Arizona Basketball

Arizona Wildcats recruiting target Bailey learns more about life during recruiting process



Brendan Bailey comes from an athletic family and it shows on the court (Dream Vision photo)

Brendan Bailey comes from an athletic family and it shows on the court (Dream Vision photo)

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LAS VEGAS, Nev. — Life is not always fair, so imagine the incongruities that can come in the often cutthroat ways of college basketball recruiting.

Brendan Bailey, who has not yet started his senior year at American Fork High School in Highland, Utah, has already experienced the tribulations that a pro goes through in the business side of the sport.

Coaches are here today, bought out tomorrow. Players come and go with no allegiances, many of them forced to think of alternatives.

Bailey, a 6’7″ and 190-pound wing, is in that situation after Arizona State fired its basketball coach of nine years, Herb Sendek, almost four months ago. Once committed to the Sun Devils because of his relationship with Sendek, Bailey is now a free agent (a pro’s term) because he seeks a similar kind of bond with a coach that he shared with Sendek.

“I’m taking my time now with the (recruiting) process,” Bailey told me Wednesday night after a game with Dream Vision in the Adidas Uprising tournament at Cashman Center. “I learned a lesson that it’s best to weigh all of my options and not rush into something.”

Bailey has a support staff at home that is unlike most families. His parents are Thurl Bailey, a North Carolina State legend and 12-year NBA veteran, and Sindi Bailey, a standout player at Utah Valley State College. She met Thurl in 1989 while working at one of the elder Bailey’s basketball camps in Salt Lake City.

Thurl and Sindi can relate to all that comes with their son’s recruitment, having made the important decision of their own about where to play college basketball. Brendan’s change of course because of Sendek’s firing is something they all are working their way through.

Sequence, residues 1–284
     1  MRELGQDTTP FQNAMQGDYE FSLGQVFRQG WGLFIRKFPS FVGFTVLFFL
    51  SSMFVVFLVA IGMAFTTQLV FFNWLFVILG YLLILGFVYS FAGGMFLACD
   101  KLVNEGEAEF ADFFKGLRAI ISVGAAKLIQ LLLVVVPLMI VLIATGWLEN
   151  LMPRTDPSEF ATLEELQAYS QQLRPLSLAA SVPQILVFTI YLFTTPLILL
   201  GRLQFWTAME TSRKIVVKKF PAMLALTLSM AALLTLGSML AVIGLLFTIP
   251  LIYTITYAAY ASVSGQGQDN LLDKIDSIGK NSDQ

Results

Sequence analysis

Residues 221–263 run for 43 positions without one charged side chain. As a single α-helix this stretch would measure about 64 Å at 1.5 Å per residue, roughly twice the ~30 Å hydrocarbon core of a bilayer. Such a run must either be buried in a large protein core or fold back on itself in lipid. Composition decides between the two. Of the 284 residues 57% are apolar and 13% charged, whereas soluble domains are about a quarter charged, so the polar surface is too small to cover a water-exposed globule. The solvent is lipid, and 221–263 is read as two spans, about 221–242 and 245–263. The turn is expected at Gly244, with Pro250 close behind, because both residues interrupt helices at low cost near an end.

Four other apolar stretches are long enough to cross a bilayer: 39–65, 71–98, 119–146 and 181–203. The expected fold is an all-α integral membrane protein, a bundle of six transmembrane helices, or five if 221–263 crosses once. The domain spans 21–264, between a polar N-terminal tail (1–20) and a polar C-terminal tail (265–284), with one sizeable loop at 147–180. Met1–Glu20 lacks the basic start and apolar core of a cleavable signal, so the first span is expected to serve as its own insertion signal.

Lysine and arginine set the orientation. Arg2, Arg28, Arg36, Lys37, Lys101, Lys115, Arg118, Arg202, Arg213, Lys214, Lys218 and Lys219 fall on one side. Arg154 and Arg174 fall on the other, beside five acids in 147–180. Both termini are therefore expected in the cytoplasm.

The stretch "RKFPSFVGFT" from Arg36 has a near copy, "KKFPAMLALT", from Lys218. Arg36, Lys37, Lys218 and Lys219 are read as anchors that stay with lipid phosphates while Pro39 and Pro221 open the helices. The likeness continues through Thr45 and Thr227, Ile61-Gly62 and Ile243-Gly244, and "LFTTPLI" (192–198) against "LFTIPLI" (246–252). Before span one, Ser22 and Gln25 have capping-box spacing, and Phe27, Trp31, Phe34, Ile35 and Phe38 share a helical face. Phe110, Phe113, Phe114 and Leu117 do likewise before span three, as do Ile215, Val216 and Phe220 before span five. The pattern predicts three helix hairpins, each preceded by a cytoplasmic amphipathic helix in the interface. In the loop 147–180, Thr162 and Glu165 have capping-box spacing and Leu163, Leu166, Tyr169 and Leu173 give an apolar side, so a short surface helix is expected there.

His sister, BreElle, is also a junior volleyball player at ASU, which further complicated his decision to re-open his recruitment.

“(Sendek’s firing) was a little tough on him because my son is really into relationships,” Thurl said while standing with his family at Cashman Center. “He makes connections with people right away. There was no question that some of it had to with his sister going there to play volleyball, but ultimately it was that coaching staff led by Herb.

“Herb was at everything. His assistants came with him or he came by himself. It just clicked right away.”


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Brendan described the situation with Sendek’s firing as a “difficult time”.

“I knew I had to start the process over again to see what was out there,” he said.

He spoke with new ASU coach Bobby Hurley, whom he knew little about as a coach. Thurl mentioned Hurley was understanding of his son’s decision to de-commit from the program. ASU remains a possibility to land Brendan among a growing list of other programs, including Gonzaga, Utah, Oregon State, North Carolina State, and the latest to join the list: Michigan.

“Arizona is on that list,” Thurl added. “I believe he is going to make an unofficial visit there in the coming month (August).